The use and employment of small unmanned aerial systems (sUAS) in public safety and commercial applications has grown exponentially since their introduction into the consumer market. As of February 2020 there were over 436,633 registered commercial, public/government and other drones and 167,841 remote pilots certified.The advantage of using drones in these applications is their ability to carry a payload that usually consists of a high resolution video/still camera, FLIR, multi-spectral sensors or other data collecting sensors. The efficiency, effectiveness, and usefulness of these sensors and the resulting data is directly correlated to the pilot’s ability to precisely position the sensor within the spatial environment in relation to the mission target of interest. The responsibility of safely flying the sUAS into the precise location falls to the remote pilot and his or her ability to control the sUAS using good hand/eye coordination and fine motor/muscle skills. The skills and abilities of remote pilots are perishable and should be learned and practiced regularly in a manner that reinforces basic and precise airframe control.
The sUAS Pilot Training and Sensor Acuity Stand was designed and built to provide any pilot of all skill and experience levels with an infinite number of target angle combinations, positions and challenges as well as to test and validate the acuity of sUAS mounted visible light cameras and sensors. The design of the stand allows for the four target arms to articulate 180 degrees vertically as well as mount anywhere on the upright post and each target gimbal on the ends of the arms to articulate to an almost infinite number of angles. The test/acuity targets are recessed into the target holders so that the pilot must precisely align the camera or sensor in order to capture the properly aligned target and photograph it for post flight verification of success. Target holders are labeled with easily read letters to identify targets with target holder locations. The combinations and permutations of these variable angles insure that the pilot could never test on the same configuration twice. Target arm and target gimbal positions can be documented and repeated for later training and testing sessions with the same configurations for standardization to track pilot skills improvement or to test pilots at different locations and times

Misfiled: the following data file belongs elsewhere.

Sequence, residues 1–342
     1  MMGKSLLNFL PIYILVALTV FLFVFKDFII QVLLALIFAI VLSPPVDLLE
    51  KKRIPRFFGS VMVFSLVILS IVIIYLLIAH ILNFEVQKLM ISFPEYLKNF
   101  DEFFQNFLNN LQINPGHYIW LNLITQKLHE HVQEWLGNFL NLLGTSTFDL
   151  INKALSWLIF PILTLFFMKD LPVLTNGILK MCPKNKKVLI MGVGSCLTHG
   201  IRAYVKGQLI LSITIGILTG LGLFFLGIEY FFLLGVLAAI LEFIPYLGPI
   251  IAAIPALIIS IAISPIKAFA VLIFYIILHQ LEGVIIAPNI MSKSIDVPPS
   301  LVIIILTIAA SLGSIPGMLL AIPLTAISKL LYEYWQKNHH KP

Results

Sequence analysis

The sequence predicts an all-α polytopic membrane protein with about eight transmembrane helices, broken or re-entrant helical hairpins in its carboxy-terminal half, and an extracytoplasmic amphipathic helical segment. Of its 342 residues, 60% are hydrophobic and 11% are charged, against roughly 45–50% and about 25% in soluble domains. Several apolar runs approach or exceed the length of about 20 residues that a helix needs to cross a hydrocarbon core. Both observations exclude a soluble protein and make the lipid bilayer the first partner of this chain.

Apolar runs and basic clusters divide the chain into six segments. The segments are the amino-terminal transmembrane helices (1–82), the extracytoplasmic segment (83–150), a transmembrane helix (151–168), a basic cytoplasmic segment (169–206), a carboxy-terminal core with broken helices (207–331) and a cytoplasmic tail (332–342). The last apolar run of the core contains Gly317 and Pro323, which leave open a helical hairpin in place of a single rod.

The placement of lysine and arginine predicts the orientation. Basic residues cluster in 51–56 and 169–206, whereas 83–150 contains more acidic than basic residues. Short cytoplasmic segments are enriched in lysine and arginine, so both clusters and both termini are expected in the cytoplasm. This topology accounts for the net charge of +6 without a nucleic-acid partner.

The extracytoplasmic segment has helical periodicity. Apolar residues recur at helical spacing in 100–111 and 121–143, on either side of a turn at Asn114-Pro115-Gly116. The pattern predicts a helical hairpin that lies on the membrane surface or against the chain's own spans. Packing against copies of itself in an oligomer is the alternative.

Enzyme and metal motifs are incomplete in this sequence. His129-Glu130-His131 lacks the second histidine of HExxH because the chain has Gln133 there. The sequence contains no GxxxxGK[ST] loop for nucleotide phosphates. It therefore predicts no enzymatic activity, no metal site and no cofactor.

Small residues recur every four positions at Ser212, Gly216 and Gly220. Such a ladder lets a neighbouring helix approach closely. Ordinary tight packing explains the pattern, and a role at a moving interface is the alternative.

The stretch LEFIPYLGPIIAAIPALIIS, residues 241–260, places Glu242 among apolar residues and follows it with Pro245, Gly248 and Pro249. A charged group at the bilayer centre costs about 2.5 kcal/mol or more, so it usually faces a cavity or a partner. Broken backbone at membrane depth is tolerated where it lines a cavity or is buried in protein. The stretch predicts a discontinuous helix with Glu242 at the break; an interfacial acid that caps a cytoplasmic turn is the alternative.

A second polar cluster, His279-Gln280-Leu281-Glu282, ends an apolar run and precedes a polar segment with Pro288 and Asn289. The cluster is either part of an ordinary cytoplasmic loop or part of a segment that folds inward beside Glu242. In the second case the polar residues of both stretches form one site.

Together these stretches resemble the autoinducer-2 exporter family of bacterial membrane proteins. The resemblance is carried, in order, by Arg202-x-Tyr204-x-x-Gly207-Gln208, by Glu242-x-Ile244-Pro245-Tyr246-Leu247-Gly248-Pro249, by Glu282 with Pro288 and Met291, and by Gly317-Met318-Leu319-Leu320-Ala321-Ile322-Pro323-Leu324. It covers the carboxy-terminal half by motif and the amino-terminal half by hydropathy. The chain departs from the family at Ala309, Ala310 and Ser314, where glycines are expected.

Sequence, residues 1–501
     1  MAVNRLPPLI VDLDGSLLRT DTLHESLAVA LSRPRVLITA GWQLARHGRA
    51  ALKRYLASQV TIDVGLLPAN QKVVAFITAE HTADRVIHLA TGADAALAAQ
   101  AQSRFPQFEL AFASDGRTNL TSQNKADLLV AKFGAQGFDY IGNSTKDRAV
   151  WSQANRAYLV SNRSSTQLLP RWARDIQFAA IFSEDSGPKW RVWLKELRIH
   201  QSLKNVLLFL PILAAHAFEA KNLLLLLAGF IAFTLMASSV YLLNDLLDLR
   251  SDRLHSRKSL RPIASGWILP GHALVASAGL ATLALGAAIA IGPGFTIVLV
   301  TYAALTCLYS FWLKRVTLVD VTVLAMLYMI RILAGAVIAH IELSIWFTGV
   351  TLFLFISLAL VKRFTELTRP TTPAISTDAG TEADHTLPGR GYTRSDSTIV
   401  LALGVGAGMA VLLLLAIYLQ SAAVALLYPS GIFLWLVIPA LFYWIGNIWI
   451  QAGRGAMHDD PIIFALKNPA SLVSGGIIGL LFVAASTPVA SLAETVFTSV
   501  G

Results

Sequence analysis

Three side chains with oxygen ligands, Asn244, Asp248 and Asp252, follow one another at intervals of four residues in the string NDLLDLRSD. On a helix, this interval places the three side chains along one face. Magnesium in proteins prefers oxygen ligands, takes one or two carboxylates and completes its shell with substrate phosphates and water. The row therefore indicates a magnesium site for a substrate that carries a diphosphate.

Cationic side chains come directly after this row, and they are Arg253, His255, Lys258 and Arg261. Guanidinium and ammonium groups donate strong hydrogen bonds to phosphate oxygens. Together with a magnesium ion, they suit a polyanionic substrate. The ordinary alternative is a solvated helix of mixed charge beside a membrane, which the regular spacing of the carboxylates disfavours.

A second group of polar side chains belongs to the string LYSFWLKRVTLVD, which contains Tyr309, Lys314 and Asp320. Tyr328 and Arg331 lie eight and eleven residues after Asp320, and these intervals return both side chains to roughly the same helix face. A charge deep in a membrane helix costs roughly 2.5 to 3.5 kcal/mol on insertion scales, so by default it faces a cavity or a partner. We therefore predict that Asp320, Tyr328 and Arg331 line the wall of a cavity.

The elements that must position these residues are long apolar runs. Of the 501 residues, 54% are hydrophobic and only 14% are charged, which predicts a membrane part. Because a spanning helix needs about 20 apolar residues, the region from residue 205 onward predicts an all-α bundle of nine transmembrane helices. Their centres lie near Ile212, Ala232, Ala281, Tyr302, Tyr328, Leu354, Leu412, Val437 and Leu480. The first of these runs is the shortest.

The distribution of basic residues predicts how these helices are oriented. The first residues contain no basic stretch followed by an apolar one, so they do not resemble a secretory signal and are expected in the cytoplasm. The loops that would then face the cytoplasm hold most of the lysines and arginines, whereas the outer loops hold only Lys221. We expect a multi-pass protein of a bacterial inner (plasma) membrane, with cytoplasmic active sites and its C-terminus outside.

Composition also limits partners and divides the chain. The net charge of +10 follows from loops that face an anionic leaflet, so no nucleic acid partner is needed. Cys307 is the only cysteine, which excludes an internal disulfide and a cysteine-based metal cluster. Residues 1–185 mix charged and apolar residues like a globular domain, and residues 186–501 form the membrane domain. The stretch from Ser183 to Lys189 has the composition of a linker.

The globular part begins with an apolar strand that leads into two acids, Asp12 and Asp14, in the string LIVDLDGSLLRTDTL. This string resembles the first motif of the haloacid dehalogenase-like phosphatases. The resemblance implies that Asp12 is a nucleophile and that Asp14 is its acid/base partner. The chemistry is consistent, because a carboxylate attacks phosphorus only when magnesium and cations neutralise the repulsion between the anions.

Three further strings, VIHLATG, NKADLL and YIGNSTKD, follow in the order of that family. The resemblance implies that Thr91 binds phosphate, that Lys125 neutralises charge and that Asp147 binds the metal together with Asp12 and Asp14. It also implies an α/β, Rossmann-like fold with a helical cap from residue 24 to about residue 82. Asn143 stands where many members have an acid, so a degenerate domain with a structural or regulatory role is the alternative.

The pilot tests are easily evaluated by timing the pilot being trained and tested through the prescribed test and recording the data for comparison to later tests or for quantitative documentation of program and pilot training efforts to validate the sUAS program in the event of an FAA audit.
The stand can be quickly and easily set up outdoors or indoors and is disassembled quickly and stored in a rugged case for transport, storage or shipment. The stand is constructed of extremely strong and durable extruded aluminum rails with high strength pivots and target gimbals and with reasonable care it should last for the lifetime of the sUAS program.